Host:There are several bacterial diseases that are spread by ticks that have been getting more attention in recent years, Anaplasma and Ehrlichia.
Dr. Kotsoris:Yes, historically these started out as veterinary diseases. They were identified in the late 80s and early 1990s, after having been studied as long-standing veterinary problems. These organisms belong to a group known as the Rickettsiae, Anaplasma, Ehrlichia, and Rickettsia itself. These are what we call obligate intracellular parasites. They’re bacteria that only live inside the cells of another organism, and that’s how they affect humans. Human granulocytic anaplasmosis is what we call a gram-negative bacterium of the rickettsia family. It invades white blood cells after a tick bite by an infected tick and it travels and lodges within granulocytes or the neutophils, the white blood cells of the human being.
About one to two weeks after the bite, the patient will develop spiking fevers, headache, drop in white blood count, drop in platelet count…the platelets are responsible for clotting blood, and a rise of liver function tests indicative of an inflammation of the liver. These organisms are very smart and release a chemical substance known as a chemokine, or a cytokine, interleukin-8 that actually is an attracting chemical for white blood cells to help propagate the infection throughout the body. The diagnosis has to be made by blood smear because the comparison of acute and convalescent sera that is the development of convalescent antibodies may be too late in the game, that the patient will have been compromised medically and treatment will have been delayed. The diagnosis can also be made by something known as polymerase chain reaction and the treatment is doxycycline, 100 milligrams twice a day, similar to what’s used in acute Lyme disease and the treatment is until three days after the disappearance of the fever.
Related is something known as human monocytic ehrlichiosis. Ehrlichia and Anaplasma were used interchangeably in the past, but now they’ve been divided into separate categories because of the bacterial composition. Human granulocytic anaplasmosis is carried by the black legged deer tick, Ixodes scapularis, Ixodes pacificus on the west coast, but this vector for human monocytic ehrlichiosis is the Lone star tick, or Amblyomma americanum and Dermacentor variabilis, the American dog tick. The classic infection in the Midwest in particular is by Ehrlichia chaffeensis and Ehrlichia ewingii, more so chaffeensis. Usually peaking in July, usually affecting males older than 50 years old, and again, within a few weeks of the tick bite, the patient develops headaches, muscle aches, otherwise known as myalgias, fatigue, a drop in white blood count, a drop in platelet count, fever, gastrointestinal systems, which may lead to also respiratory insufficiency and kidney failure.
The three states most affected by Ehrlichia chaffeensis and ewingii are Oklahoma, Missouri, and Arkansas. They account for 30% of the reported cases of these bacterial species. The numbers have been reported in the low thousands over the last few years. In 2009, a third cause of human ehrlichiosis was identified in the upper Midwest. This has been known as Ehrlichia muris-like agent. Interestingly, it also exists in Eastern Europe and Asia. The detection of this pathogen or disease producing organism is by looking for the DNA, that is the genetic material, of this organism in the blood of patients. About 2.5% of Ixodes scapularis ticks are infected by this E. muris type agent. Note that this one is spread by Ixodes scapularis, the black legged deer tick, not the Lone Star tick as in human monocytic ehrlichiosis.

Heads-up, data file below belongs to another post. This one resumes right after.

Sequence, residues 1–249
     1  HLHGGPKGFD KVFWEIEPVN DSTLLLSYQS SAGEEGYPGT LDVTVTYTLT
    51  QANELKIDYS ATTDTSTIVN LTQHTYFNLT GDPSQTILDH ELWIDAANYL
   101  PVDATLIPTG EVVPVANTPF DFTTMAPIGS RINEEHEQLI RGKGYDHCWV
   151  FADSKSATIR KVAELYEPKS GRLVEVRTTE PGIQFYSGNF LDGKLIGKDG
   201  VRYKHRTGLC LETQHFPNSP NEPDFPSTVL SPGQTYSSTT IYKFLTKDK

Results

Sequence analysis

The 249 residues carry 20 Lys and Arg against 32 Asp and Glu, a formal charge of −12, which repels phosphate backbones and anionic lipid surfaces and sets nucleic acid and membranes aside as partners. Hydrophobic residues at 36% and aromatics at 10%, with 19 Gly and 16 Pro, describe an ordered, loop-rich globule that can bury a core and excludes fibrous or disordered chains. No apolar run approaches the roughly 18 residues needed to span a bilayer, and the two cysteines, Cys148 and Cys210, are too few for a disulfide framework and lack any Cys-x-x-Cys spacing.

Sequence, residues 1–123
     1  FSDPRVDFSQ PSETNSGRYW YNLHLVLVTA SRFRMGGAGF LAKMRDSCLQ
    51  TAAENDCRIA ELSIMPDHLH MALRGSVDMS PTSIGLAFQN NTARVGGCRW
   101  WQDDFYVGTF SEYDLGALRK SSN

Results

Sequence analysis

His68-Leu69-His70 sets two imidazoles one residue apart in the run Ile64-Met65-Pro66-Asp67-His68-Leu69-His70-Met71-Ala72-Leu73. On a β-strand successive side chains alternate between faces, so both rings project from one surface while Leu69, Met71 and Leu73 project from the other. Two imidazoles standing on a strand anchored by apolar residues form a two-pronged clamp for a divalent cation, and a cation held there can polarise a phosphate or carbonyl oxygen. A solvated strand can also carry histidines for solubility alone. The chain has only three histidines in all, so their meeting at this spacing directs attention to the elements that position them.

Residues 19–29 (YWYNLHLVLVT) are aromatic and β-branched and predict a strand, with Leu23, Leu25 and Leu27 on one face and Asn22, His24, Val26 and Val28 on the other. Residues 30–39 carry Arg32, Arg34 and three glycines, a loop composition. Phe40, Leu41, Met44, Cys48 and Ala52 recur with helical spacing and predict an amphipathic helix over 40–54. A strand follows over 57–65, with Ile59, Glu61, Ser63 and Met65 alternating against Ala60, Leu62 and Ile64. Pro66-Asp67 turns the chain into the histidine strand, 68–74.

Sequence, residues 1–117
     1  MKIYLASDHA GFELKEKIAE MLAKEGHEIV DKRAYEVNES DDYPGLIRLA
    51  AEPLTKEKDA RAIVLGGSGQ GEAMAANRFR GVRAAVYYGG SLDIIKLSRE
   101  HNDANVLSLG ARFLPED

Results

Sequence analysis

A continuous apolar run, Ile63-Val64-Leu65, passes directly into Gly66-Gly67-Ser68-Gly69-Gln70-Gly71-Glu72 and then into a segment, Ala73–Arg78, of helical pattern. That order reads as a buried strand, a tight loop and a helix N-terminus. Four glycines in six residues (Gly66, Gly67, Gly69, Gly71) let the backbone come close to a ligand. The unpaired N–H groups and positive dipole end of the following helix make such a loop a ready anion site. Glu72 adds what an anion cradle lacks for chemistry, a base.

One of the better known bacterial infections that people read about, hear about, especially with people traveling into the Rocky Mountain area, into the Midwest, into the Southeast, is something known as Rocky Mountain Spotted Fever. This is Rickettsia rickettsia…it is spread by the American dog tick, by the Rocky Mountain wood tick, and by the brown dog tick. There are reported 14 cases per million population, peaking in April through September. Despite its name, as I said before, it’s not confined to the Rocky Mountains, it’s also found in the southeastern United States. These bacteria, after the tick bite, travel within the blood stream and lodge within endothelial cells, that’s the lining cells of small blood vessels, and elicit inflammatory changes and make the blood vessels leaky, affecting all organs infected, especially the skin and the adrenal glands. The platelets responsible for clotting are consumed and you may have kidney malfunctioning.
Patient will present with severe headaches, high fevers, a few days after the bite and a few days after that, a spotted rash on the wrists, palms, and ankles. Patient may also have abdominal pain, nausea, vomiting, and other generalized symptoms. The mortality rate can be as high as 4% and this is caused by a delay in diagnosis and treatment. The treatment is doxycycline and patients do best, and have a much lower morbidity and mortality if they’re treated within five days of being infected.
Below is the full podcast with Dr. Kotsoris and Dr. Hsu. They continue their overview of Lyme and co-infections, specifically Bartonella and the Powassan virus.
Follow Global Lyme Alliance on SoundCloud to hear future podcasts.